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Algernon Sidney "Sidney" Orendoff, III
Birth: Nov. 8, 1929
Ottawa County
Oklahoma, USA
Death: May 14, 1985
Skagit County
Washington, USA

NAME: Born as Algernon Sidney Orndoff (III according to himself, his mother, sister and daughter). Name automatically also as 'Allen Jernon' Sidney. He went by Sidney to differentiate between his father Algernon Jr. 'Allen'. Many times mistranslated as 'Algermon'. While in the army and in order to receive military pay, he had to change the spelling of his last name from Orndoff to Orendoff. (Sister purchased first headstone with her last name of 'Orndorff')

PARENTS: Algernon ('Allen Jernon' Sidney) Orndoff Jr. and Minnie Myrtle Seay.

MARRIAGE #1: Lois Marie Roberts
MARRIAGE DATE: September 19, 1952 / Tacoma, Pierce, Washington
CHILDREN: Linda Darlene

MARRIAGE #2: Dorothy Clara (Strutz) Underwood
MARRIAGE DATE: October 01, 1966 / North Bend, King County, Washington


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DATE: Sept. 15, 1952
FULL NAME: Algernon Sidney Orendoff
FULL NAME: Lois Marie Roberts
BIRTHPLACE: Tacoma, Wash
(With guardians consent - Mrs Ethel Roberts)
(Transcription of Affidavits - Marriage Certificate #114188, Pierce County, Washington: Algernon Sidney Orndoff and Lois Marie Roberts, dated 19th day of September, 1952)

Record Series: Marriage Records
Collection: King County Marriage Records, 1855-Present
County: King
Reference Number: kingcoarchmc298119
Groom's Name: Sidney A Orendoff
Bride's Name: Dorothy Underwood
Marriage Date: 10-01-1966
(Source: Washington State Digital Archives, Marriage Record)

Record Series: Death Records
Collection: Department of Health, Death Index, 1907-1960; 1965-2014
County: Statewide
Reference Number: E0CDC01A-285E-D347-91A3-399789FA97B9
Person-Last-Name: ORENDOFF
Person-First-Name: SIDNEY
Person-Mi: A
Death County: Skagit County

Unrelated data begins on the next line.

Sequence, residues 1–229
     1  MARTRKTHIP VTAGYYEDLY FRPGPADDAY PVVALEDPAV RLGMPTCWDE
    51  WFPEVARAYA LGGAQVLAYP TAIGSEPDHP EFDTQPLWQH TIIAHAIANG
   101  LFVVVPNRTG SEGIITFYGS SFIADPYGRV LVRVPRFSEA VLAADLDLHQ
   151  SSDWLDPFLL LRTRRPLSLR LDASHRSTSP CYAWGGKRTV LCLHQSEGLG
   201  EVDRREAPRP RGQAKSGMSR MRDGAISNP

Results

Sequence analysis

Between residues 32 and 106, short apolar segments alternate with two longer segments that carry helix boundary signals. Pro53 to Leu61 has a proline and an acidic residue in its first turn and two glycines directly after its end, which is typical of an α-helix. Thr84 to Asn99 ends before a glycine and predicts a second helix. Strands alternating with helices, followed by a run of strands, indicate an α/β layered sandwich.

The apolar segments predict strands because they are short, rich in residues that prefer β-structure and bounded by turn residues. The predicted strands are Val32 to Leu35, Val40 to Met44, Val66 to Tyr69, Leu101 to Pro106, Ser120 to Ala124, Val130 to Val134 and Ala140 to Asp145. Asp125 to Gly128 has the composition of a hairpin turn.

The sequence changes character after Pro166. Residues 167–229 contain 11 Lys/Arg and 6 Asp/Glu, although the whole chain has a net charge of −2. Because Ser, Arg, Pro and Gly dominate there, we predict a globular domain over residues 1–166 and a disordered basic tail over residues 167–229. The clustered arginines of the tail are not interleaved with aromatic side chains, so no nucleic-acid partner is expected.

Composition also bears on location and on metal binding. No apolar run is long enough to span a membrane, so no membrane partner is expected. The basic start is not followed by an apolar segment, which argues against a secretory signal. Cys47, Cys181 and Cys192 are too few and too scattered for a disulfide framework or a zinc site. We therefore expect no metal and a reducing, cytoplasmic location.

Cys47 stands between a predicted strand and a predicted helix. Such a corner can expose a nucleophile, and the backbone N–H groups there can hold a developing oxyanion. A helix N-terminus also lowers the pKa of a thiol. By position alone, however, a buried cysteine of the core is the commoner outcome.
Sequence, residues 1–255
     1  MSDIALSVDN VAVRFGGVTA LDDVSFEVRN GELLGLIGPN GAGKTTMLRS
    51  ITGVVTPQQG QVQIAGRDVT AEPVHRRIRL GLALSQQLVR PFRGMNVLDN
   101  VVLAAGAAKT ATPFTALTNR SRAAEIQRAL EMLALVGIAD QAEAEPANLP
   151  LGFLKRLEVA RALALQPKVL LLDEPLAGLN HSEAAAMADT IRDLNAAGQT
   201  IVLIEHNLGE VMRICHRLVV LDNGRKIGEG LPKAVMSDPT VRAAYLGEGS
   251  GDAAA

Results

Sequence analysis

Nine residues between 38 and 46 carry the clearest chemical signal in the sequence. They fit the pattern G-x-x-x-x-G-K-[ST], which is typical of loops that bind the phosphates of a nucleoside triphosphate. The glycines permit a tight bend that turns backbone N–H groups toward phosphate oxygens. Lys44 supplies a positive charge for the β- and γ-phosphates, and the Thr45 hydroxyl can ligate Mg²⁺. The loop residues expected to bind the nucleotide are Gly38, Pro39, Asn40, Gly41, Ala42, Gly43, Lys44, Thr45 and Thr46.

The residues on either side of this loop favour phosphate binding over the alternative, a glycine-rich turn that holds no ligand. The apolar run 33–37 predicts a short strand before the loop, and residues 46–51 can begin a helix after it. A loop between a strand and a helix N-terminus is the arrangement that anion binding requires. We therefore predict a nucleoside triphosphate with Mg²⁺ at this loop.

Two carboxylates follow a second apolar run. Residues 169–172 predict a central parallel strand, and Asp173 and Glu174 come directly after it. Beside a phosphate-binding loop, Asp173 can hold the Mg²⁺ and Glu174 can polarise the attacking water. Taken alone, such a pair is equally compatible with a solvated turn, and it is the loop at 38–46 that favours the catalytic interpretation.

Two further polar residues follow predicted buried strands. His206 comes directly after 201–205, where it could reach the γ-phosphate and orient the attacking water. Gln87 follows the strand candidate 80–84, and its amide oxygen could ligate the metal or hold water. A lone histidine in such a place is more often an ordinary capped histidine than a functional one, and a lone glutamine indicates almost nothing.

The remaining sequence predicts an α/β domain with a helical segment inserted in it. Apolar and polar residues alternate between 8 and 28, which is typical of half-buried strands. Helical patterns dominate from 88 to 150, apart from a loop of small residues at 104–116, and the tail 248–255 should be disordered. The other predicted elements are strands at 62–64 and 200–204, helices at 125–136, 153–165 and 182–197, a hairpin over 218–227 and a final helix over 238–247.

Sex: M
Residence County: Stevens County
Death-Date: 5/14/1985
Age-Primary: 55

Record Series: Death Records
Collection: Social Security Death Index - Washington
County: Statewide
Last Residence Zipcode: 99344
Birth Date: 11/08/1929
Last Contact Location: OTHELLO, WA
First Name: SIDNEY
Death Date: 05/00/1985

(Source: Washington State Digital Archives, Death Records)



Algernon ‘Sidney’ Orndoff, III was born to Algernon Sidney, Jr. (‘Allen Jernon' Sidney Orndoff, Jr.) and Minnie (Seay) Orndorff, November 08, 1929 in Miami, Ottawa County in Oklahoma. Leaving Kansas in 1932 during the Dust Bowl Days and Great Depression when he was three years old, he came with his parents, grandmother "Unie" Farner Orndoff-Mills-Corbin, aunts and uncles (Jim, Jess, Rosie Mills), moving to Washington State, where they lived in the Wenatchee, Omak and Tonasket area’s. His mother Minnie often took Sidney and his sister Sylvia back home to Oklahoma to her family for long extended visits, even going to school while there.

Sidney was always the family 'favorite'. Even to day, many family members will relate how 'he was their favorite cousin or favorite nephew' and so well-liked. He was especially close to his cousins Roy Seay, A.L. Orndoff, and Marge Buhrman. He was raised in close proximity to his uncle Jess and aunt Rosie (Mills) Roper, who doted on him. Even his Aunt Glenna Orndoff Buhrman Powers told me he always held a special place in her heart!

To describe Sidney, one would say he was a hard worker, honest and dependable, a quick learner, and a sharp shooter with his pistols - even as a child! When he was going to school in Omak, he was entrusted to take the monies and walk to the bank with it. He was always a gentleman. Girls loved him, and the boys respected him. It is said by family, even as a child he never did anything wrong! And Sidney had learned from his grandparents the old-fashioned art of story-telling.

Sidney enlisted into the US Army during WWII 1946-1949, and served in the Japan Occupation. Stationed in Yamaguchi, Japan Military Base, he received ‘the Star of the Rising Sun’ medal from the Japanese government for saving the life of a Japanese General. He had to have special permission from the U.S. to receive this award. While oversea's, he met and fell in love with Julie, a Japanese woman from the U.S. working for the U.S. Embassy as an interpreter. They planned to be married, but when it came time to come back home, she was not allowed to return to the U.S. as her family was of Japanese decent (this was during the time when roughly 120,000 U.S. citizens were forced from their home without due process and locked up for years following Japan's attack on Pearl Harbor, one of roughly 120,000 Japanese-Americans that were interned in special concentration camps in the West). Sidney had to return home alone, and he never saw Julie again.

After being honorably discharged from the Army and released in California, Sidney came back up to Washington state and was staying with his father, working at Grand Coulee Dam. They were working on a car together, with little 3 year old 'Tommy' Judd following Sidney everywhere. When Sidney went into the house, he turned to Tommy who was following him, but Tommy was not there. An all day search ensued until someone discovered indented grass that covered an open cesspool, and Tommy in it.